CALLER: You know, I didn't get a day off the whole time I was there, but it's mainly because of my position. We did try our best to let our soldiers have a half a day off a week, if we could. For about the first eight months I was over there I took a shower out of a broken pipe out of the ground. We did, however, live in a pretty nice place. I don't want to tell you where it's at because then people would be able to pinpoint where I was. But, yeah, it was pretty rough on us there for a while, and one of the things that people don't understand is, you know, with the IED (improvised explosive device) threats and everything else sometimes supplies didn't go through.
RUSH: What's an IED threat?
CALLER: The IED threat along the main supply routes, the roadside bombs --
RUSH: Oh, okay, yeah.
CALLER: Yeah, they were put out. I was hit by two of them while I was there, and I can tell you it's not a lot of fun and it makes you not want to go down those roads anymore. There were times we would get, you know, two bottles of water a day. But, you know, nobody complained about that, Rush. Everybody --
RUSH: Well, that's what always has amazed me, Jeff, because you all volunteered for it, and there isn't any whining. Whining is going on back here.
CALLER: You know, and that's what I was telling my wife on the way to town today. I'm really worried about this nation. I'm worried about it, and I see it from the perspective now, after being at war for this nation. I come back and I'm scared to death at just how stupid people are. Just forgive me if that's a bad thing to say on the radio but I just cannot believe how stupid people are, and it's scary to me, Rush. It really is.
RUSH: You mean stupid in the sense they don't understand what's actually going on?
CALLER: They don't understand what's actually going on, Rush, and there's people out there misleading them, running them down the wrong road. And they are so quick. The one thing that really chaps me more than anything else is that, "We're over there for oil," and it chaps me to no end because, if you were there, you would see that oil really -- at least at the tactical level -- now, strategic and operation, maybe -- not operation, but strategic, maybe, and you know what, that's fine. That's fine by me. But at the level that I'm at, this is the farrest [sic] thing from oil. There is a real threat in the Middle East. Those people hate us. I've never been hated so much before in my life as we run up against some of these people -- and I tell you what, we've got a war going on in Iraq and it's not going on right here, and I believe that, and people may be saying that all over the United States, but I'm telling you. That war is going on over there because we're making that war over there.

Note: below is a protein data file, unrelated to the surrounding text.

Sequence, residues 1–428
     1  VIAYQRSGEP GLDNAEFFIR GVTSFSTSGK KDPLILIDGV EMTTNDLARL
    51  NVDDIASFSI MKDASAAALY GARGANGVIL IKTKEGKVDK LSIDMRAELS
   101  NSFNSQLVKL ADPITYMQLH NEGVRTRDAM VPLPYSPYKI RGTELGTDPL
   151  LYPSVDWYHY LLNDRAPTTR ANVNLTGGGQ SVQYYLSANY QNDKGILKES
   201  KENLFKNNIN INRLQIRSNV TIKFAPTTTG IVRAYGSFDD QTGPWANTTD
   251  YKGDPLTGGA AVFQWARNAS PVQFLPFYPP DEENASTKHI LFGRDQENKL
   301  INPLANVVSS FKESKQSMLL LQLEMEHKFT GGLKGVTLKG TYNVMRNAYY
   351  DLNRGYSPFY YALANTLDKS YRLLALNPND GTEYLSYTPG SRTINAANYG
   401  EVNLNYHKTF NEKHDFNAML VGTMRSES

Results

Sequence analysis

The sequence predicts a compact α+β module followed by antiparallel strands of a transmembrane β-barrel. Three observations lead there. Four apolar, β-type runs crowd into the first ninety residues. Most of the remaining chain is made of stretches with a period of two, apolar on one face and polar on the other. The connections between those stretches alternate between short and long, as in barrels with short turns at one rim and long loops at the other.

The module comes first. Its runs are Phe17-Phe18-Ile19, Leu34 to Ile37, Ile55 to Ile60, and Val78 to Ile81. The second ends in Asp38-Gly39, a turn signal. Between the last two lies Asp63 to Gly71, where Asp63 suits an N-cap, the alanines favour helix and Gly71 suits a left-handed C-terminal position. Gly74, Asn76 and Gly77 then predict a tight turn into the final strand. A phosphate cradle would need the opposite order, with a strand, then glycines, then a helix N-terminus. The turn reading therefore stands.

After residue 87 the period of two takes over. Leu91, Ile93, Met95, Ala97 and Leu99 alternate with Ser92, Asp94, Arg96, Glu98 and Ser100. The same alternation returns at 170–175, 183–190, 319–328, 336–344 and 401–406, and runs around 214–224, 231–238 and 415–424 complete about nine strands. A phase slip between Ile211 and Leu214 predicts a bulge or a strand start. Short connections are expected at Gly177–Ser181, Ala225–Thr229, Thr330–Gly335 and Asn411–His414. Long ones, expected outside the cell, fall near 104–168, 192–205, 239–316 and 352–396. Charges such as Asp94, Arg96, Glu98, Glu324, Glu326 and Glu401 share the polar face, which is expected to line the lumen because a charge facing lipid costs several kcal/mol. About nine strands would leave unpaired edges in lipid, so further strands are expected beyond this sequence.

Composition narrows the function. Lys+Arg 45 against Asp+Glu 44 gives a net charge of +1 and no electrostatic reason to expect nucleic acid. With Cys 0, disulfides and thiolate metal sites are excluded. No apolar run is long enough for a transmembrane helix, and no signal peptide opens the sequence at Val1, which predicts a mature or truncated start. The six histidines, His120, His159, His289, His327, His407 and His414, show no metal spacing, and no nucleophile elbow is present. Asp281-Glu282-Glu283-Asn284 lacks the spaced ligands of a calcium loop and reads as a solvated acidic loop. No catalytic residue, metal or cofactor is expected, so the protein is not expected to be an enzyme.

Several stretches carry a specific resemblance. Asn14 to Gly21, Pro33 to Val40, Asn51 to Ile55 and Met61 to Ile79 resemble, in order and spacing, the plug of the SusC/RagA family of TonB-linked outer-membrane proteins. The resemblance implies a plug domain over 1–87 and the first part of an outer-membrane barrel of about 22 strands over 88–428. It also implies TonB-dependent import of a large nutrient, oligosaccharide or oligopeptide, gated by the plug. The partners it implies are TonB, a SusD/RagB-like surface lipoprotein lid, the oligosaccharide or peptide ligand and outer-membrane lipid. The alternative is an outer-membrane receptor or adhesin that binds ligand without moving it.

RUSH: One question before I have to go here.
CALLER: Sure.
RUSH: It's about the fact that you say, "They hate us." Is the degree to which they hate us so profound that you question whether or not we can win, and accomplish this mission of actually creating an Iraq where the people there are free to choose their own way and it will be rooted in democracy?
CALLER: There is no doubt in my mind we can win. As a matter of fact, there's no doubt in my mind that we could finish this whole thing pretty quickly. The one thing that Iraq needs more than anything else is religious freedom, and you don't hear that from a lot of the politicians. Maybe in the inner circles, I don't know, but this is a religious war. They hate us simply because we're not them and until we find some kind of way to bridge that gap -- and maybe just call a spade a spade and let's get it on.
RUSH: You're talking primarily about the terrorist insurgents, not the general Iraqi population?

CALLER: No, the general Iraqi population -- at least where I was in what they call the Sunni Triangle, I guess -- the Sunnis are mainly westernized. I mean, almost completely westernized. They're more of a pagan. They go to mosque once in a while, but they really don't follow. I'd say it's like a lot of people in the United States that go to church. They go there because they do, but do they follow it during the week? Sometimes not. The Shi'a would be really more the problem because they're a little bit more fanatical, and then we have the Wahhabi coming in from God knows where, and --
RUSH: Saudi Arabia.
CALLER: -- they're causing a lot of trouble. They're causing a lot of trouble, and it's based -- it's soundly based -- in their religious beliefs. The normal Iraqi person in Baghdad. We have upped their lifestyle maybe a hundredfold. You know, when we first got to Baghdad we could have an Iraqi do anything for us -- and what I mean is be an interpreter for us, or maybe even dig a foxhole for us or whatever -- for a dollar, and they loved it. They would do anything for a dollar.
RUSH: But now immigrants are the only ones that'll do that work because the Iraqis consider it beneath them?
CALLER: It's becoming that. They want to live a lifestyle like the Kuwaitis, where the Kuwaitis don't work at all. All of their labor is done from outside.
RUSH: Sounds like Los Angeles.
CALLER: (Laughing.) Thank God I've never been out there.
RUSH: (Laughing.) Jeff, I'm only kidding. We love Los Angeles here. Jeff, thanks so much for the call. This has been extremely enlightening and informative. You're the real deal. You obviously have been there and done it, and we appreciate you sharing it with us. I'm glad you were able to get through. Thanks for trying.
CALLER: Keep it up, Rush.
RUSH: Okay, that's Jeff from Moorhead, Oklahoma, just back from Iraq and about ready to go back.
END TRANSCRIPT

END TRANSCRIPT